ROAD TEST: Alan Candy lifts the lid on the Mazda MX-5 2.0i Sport Tech Soft Top

MAZDA MX-5 ROAD TEST
MAZDA MX-5 ROAD TEST

SPORTS cars come and sports cars go but the Mazda MX-5 seems to go on forever.

An instant hit when launched in 1989, the traditional little rear-wheel drive two-seater has truly become an icon of the age. It even makes it into the Guinness Book of Records for being the world’s best-selling roadster in history, notching up an incredible 900,000 sales up until February this year.

We just can’t get enough of them. The UK market alone accounts for 10 per cent of the MX-5’s global sales.

And there seems little chance of its popularity waning. In the 2011 prestigious Auto Express awards, the Mazda was announced as best roadster. And in the all-important JD Power awards, customers voted the MX-5 as best sports car.

After a week at the wheel of the latest Mazda MX-5 2.0 Soft Top Sport Tech, it isn’t hard to see why.

The MX-5 is a perfectly formed, compact sports car of the old school, yet with enough technical gadgetry to keep it firmly at the cutting edge of technology, without complication.

Every MX-5 I have driven seems to have fitted me like a glove.

It’s easy to settle into quickly and instantly feel at home. It doesn’t take much adjustment to find the ideal driving position and although the car is low slung, the driver is afforded a generous forward view of virtually all the bonnet – something almost unheard of nowadays.

This helps with parking and manoeuvring, obviously, but above all, it keeps the driver firmly in touch and involved in all the unravelling action once the ignition key is turned.

The other beauty of the car is that it manages to appeal to both male and female drivers, that it’s relatively affordable and that it keeps its price so well in the secondhand market. A number of MX-5 owners who live near me drive 10- or 12-year-old examples full of character and still in great shape.

The 2.0i Sport Tech model I have been driving (£21,135) is an excellent example of the genre, with stiffer suspension for sharper handling. Standard kit is lavish, including leather seats, cruise control, powerful Bose stereo, Bluetooth, climate control air conditioning and front foglights.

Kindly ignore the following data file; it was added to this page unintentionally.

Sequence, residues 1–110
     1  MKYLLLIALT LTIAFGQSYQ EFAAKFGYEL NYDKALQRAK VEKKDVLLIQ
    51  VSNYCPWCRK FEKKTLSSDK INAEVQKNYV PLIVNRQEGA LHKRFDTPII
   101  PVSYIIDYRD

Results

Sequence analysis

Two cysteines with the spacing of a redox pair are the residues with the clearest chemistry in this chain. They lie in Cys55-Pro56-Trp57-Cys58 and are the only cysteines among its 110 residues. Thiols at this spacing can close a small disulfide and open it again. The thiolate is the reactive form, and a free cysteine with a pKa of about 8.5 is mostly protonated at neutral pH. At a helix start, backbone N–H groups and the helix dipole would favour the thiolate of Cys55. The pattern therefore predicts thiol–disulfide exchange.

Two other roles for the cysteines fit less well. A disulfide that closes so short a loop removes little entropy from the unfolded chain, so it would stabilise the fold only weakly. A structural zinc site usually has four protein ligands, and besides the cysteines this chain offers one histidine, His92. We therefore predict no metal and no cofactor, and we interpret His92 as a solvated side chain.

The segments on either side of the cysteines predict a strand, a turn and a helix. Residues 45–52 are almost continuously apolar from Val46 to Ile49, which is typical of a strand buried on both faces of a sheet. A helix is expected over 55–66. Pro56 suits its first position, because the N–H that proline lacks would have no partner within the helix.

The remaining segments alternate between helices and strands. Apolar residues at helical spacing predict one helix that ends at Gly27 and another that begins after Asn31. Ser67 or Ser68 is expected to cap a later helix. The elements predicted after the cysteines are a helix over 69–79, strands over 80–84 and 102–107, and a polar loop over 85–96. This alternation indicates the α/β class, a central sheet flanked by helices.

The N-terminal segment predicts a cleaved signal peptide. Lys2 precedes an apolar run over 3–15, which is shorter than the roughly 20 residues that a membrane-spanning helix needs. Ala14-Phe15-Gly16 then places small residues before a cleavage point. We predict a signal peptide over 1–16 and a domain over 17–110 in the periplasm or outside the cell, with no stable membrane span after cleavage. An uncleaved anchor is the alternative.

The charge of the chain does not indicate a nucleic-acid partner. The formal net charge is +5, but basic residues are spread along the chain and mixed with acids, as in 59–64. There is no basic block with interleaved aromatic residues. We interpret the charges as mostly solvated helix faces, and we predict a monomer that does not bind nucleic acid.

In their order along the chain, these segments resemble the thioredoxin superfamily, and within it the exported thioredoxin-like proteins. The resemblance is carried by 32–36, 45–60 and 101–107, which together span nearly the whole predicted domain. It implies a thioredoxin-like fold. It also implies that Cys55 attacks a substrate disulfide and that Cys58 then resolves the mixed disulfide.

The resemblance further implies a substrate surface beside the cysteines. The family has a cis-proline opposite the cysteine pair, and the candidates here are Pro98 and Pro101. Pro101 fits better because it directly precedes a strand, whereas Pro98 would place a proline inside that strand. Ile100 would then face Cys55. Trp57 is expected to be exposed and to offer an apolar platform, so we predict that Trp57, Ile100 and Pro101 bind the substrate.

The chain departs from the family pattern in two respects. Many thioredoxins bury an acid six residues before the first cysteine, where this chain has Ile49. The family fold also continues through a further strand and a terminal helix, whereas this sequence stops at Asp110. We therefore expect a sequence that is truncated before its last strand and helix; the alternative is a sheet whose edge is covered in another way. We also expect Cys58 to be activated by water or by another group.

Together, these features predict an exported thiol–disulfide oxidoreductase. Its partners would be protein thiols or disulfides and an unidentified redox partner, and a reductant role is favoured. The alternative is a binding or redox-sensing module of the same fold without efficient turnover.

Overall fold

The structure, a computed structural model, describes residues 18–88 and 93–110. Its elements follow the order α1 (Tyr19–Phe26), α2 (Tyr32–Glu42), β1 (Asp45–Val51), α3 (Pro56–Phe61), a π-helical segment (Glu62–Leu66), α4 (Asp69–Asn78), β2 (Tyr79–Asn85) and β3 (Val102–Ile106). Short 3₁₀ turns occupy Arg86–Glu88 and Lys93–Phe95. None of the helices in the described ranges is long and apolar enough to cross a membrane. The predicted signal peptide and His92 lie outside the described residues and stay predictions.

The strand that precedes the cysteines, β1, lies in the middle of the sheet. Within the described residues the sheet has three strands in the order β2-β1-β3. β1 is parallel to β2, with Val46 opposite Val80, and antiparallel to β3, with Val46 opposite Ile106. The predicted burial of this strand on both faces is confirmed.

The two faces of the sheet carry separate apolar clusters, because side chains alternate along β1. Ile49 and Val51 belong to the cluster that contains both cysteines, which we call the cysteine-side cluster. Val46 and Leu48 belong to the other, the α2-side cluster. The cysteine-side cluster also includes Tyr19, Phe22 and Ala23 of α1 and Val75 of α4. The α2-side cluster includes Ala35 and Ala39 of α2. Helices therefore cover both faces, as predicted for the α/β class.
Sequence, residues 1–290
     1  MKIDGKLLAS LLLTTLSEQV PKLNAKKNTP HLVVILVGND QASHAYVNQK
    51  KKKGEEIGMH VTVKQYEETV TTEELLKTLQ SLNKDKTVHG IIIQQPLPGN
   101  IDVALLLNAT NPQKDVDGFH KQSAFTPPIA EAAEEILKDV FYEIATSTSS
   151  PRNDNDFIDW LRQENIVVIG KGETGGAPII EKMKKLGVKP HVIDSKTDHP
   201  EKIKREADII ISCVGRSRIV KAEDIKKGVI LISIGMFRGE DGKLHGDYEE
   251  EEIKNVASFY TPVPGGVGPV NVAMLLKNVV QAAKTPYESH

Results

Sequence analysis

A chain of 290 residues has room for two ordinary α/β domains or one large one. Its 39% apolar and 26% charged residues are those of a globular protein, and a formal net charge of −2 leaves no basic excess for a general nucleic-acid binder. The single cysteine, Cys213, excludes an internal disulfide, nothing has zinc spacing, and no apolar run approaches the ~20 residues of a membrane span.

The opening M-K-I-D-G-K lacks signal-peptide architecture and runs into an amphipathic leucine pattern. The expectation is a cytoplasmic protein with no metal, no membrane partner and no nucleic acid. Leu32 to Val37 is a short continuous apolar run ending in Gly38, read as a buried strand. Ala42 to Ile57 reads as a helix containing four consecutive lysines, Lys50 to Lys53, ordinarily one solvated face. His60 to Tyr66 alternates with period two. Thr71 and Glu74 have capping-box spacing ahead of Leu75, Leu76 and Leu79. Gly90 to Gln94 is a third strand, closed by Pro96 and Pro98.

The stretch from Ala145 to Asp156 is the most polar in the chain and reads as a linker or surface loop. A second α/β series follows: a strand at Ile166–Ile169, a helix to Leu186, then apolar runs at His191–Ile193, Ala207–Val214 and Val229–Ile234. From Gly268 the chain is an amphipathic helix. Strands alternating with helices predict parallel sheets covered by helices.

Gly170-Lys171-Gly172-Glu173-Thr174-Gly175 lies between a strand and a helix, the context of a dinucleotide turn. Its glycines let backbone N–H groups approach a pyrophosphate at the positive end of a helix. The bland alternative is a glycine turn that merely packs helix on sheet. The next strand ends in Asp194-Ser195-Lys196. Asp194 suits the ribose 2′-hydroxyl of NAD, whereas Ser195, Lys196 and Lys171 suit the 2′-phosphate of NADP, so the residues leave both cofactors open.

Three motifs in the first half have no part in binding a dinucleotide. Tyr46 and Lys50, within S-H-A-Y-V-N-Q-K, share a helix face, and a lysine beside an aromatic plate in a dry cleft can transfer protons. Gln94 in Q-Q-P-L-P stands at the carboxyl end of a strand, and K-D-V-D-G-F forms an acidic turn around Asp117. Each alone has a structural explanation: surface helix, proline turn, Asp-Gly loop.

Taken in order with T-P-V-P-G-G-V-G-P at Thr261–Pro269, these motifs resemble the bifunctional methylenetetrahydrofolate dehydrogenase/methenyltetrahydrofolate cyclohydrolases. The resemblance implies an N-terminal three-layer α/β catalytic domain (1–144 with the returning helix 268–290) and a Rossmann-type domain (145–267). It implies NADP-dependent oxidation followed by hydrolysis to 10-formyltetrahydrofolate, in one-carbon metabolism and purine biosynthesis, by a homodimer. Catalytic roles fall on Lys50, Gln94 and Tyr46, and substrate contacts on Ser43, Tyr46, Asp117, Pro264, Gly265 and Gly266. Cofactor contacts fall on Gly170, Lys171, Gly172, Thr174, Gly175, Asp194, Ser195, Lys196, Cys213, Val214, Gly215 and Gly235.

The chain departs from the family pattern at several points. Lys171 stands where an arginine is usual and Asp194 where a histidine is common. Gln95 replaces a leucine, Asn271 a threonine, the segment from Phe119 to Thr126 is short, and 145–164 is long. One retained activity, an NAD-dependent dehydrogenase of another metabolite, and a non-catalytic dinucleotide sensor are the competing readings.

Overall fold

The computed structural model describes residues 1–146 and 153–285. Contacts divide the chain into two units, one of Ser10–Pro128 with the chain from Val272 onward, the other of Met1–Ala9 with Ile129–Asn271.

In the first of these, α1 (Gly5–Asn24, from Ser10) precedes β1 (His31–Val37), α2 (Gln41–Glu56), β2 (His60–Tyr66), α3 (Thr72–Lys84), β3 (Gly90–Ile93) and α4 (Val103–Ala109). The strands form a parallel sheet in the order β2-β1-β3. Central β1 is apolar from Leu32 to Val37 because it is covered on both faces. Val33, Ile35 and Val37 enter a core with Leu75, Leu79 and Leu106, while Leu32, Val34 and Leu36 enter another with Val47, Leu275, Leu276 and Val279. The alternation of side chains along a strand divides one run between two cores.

The highest performing 2.0i petrol engine bashing out 160-odd bhp sees the car accelerating to 62mph in a pretty rapid 7.6 seconds, although the car does have to be worked hard.

With a thrilling and refined exhaust note and the prospect of ripping through the punchy six-speed manual gearbox, this is no chore and every ride turns into an experience.

The range offers a choice of drop top – either an electrically folding metal roof or the fabric hood of the car I drove. Although both are easy to use, I’d opt for the sliding metal every time, in terms of sheer practicality.

As a proper two-seater, the MX-5 offers all the intimacy and inevitable drawbacks of such a set-up. Its ground-hugging platform means getting in and out is always a bit of a battle and the ride on the sporting version is firm, bordering on the harsh.

However, high-backed sports seats are supportive and comfortable, although the lever adjustment for rake is vague.

Once settled aboard, it’s easy to quickly relate to the instruments and controls on offer, thanks to the incredibly simplified dash layout.

Fingertip audio controls on the steering wheel are easy to find and sort, being among the best of their type, and it’s good to find that in winter, the car demists and defrosts quickly, with the wonderful benefit of heated seats boasting five separate settings.

On the road, the MX-5 rips it up with razor precision steering and outstanding roadholding and finely controlled cornering. Even a minor deviation can be swiftly tidied at the flick of a wrist through the steering.

Obvious compromises are a small boot only suitable for a few weekend bags and little oddments space in the cabin, although Mazda do their best with some hidden lockers behind the seats.

But with the MX-5, you know what you’re getting. Traditional driving enjoyment in a sports car that will always be universally admired. It’s notched up its place in drop top history and nothing really looks like shifting it.

Stat attack

> Mazda MX-5 2.0i Sport Tech Soft Top, £21,135 (MX-5 prices start at £17,990).

> Mechanical: 160ps, 1,999cc, four-cylinder petrol engine driving rear wheels via six-speed manual gearbox.

> 0-62mph in 7.6 seconds.

> Max speed: 132mph.

> Combined mpg: 36.2.

Insurance group: 27.

> CO2 emissions: 181 g/km.

> Bilstein dampers, front fogs, heated leather seats, Bose audio system.